No horsing around: Town of Breckenridge buys out carriage operator to free up parking, reduce manure
Breckenridge put its horse-drawn carriage out to pasture on Tuesday.
Discussions regarding the hot-to-trot enterprise emerged at a July 11 town council meeting.
Councilman Mark Burke had mentioned he carriage drivers were “wasting so many parking spaces” on often-congested Main Street, and he asked town staff about striping lines to direct a more efficient use of the space.
They have considered it, they replied, but snow-covered lines would do little good during the busiest times of year. Mayor Eric Mamula floated the idea of marking curbs instead, which some thought might be worth a try. However, that wasn’t the end of the mayor’s bright ideas.
“I have one thing,” he said. “I have heard that the horse and carriage is for sale. I don’t know if this is something we can just buy and get rid of — let the horses go.”
A well-timed pause suggested Mamula might be joking, at least about the last part, and a chuckle rolled over council chambers. But the mayor pressed forward.
“No, I’m not joking,” he said. “You’re all laughing, but I’m not joking. We can get rid of this thing. I’m sure somebody takes horses that are, you know — we donate the horses somewhere and burn the carriage.”
Joking aside about the carriage, Mamula was serious — he didn’t feel like the operation belonged on Main Street.
“And it’s also recently, I’ve seen a whole lot of crap on the road,” said Councilman Jeffrey Bergeron.
Councilwoman Elisabeth Lawrence asked town staff if they knew when the business’s permit would expire and have to be renewed. They said they would have to look.
In a moment of clarity, Burke put things in context: “I think Eric’s point is, do we want to be the ones putting people out of business or just end it nicely?”
“I’m good with ending it,” Councilwoman Erin Gigliello sided after inquiring about the price. At $36,000, another council member called it “peanuts.”
Bergeron remained firm: “I don’t want to kill the horses.”
“Put the carriage in Historic Park or something,” Gigliello said.
“I’ll sell you guys my business,” Councilman Mike Dudick chimed in, “if you want to stop time shares.”
“We’ll get some information and come back to you,” town manager Rick Holman finally told council members before they moved to adjourn the meeting.
In the coming weeks, town staff would negotiate a deal to buy the business, High Country Carriage LLC.
A month and two council meetings after Mamula openly suggested buying the horse-drawn carriage, an emergency town ordinance appeared on the council’s agenda with language specifically killing any hopes someone might have of operating a pedal bus, pedicab or horse-drawn carriage in town.
At this time, there are no applications for permits, nor is anyone currently operating a permit, town staff told council before its members, all in attendance, voted unanimously in support of the measure. In the ordinance exists a provision to allow special permits for those activities, but only for one-time events. Passed as an emergency ordinance, the new law required only one vote and took effect immediately.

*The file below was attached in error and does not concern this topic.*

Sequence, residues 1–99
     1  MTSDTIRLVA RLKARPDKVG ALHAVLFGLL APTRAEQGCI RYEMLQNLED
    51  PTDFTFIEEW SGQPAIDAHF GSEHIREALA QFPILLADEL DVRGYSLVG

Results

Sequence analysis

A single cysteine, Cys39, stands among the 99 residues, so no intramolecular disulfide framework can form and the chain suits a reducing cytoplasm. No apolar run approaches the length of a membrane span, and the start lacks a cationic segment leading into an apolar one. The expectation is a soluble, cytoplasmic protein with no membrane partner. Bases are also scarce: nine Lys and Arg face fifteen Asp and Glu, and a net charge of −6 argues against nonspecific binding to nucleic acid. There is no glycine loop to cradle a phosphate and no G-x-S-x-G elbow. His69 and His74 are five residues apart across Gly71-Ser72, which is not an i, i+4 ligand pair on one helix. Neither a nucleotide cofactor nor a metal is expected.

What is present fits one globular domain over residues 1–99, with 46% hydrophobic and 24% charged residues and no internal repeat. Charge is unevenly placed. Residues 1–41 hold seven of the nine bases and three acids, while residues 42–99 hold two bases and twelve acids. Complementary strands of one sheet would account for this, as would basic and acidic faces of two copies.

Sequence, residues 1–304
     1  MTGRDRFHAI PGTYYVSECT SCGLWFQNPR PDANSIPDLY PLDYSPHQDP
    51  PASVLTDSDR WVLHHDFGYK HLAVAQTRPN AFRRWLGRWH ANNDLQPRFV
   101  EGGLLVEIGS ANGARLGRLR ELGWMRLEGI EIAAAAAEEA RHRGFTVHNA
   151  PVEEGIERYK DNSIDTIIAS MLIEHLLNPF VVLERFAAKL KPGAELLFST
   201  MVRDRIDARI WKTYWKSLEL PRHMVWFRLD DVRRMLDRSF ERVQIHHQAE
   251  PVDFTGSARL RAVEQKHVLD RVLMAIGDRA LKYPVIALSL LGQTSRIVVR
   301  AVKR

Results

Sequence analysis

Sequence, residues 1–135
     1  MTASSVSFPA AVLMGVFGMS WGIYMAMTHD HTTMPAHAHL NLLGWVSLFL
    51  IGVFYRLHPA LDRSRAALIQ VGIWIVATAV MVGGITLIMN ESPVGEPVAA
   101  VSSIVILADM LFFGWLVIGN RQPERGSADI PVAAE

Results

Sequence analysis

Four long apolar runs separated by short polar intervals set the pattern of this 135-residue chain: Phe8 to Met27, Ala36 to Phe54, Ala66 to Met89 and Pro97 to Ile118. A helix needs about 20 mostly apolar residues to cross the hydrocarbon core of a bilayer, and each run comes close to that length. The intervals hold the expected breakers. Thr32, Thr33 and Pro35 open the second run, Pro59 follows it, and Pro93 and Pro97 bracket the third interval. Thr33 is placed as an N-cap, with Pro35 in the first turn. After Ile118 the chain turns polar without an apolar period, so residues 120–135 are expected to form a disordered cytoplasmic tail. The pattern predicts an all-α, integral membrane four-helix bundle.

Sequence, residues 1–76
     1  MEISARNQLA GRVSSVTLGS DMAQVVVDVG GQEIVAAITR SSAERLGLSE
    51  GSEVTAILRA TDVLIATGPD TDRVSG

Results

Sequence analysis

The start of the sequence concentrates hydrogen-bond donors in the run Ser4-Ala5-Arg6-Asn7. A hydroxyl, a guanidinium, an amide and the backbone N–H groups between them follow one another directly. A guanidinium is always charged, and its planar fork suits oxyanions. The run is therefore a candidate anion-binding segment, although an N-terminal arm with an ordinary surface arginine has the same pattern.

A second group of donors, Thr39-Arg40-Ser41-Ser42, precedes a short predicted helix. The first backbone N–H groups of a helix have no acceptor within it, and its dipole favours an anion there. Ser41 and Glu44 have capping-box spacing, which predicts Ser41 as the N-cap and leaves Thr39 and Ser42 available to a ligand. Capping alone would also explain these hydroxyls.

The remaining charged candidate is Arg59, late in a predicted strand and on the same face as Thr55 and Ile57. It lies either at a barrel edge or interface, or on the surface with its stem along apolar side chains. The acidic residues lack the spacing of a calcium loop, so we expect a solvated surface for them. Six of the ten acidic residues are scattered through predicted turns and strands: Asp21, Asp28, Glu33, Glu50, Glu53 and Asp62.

There were brief mentions of the town’s purchase of the business at Tuesday’s council meeting, but no details of the agreement were discussed and the new law passed with little fanfare.
Responding to a request for details of the sale, Holman said the town agreed to pay $25,000 for the rights to the business only.
Calls to High Country Carriage LLC on Friday were not returned by press time.
According to documents on file with the Colorado Secretary of State, Jon Maxwell of Breckenridge filed an articles of organization for High Country Carriage on Aug. 3, 2016. A website for the business is no longer operational.
At the very least, the town recouped two prime, Main Street parking spaces out of the deal, where the horse-drawn carriage had been loading and unloading its passengers. Meanwhile, the owners got to keep the horse and buggy, rendering any proposals for a bonfire moot.
Framing the measure as an issue of public safety and traffic control, Holman conceded the town could have simply passed the law without buying the rights to the business, but that would have effectively pulled the rug out from under the owners who were trying to sell, he said, adding that the town’s decision should not be interpreted as a knock against the owners in any way.
If fact, the town manager said the business had been “a nice amenity for the town for a lot of years … but we think it had come to the end of its useful life in town based on how much we can handle on our streets.”
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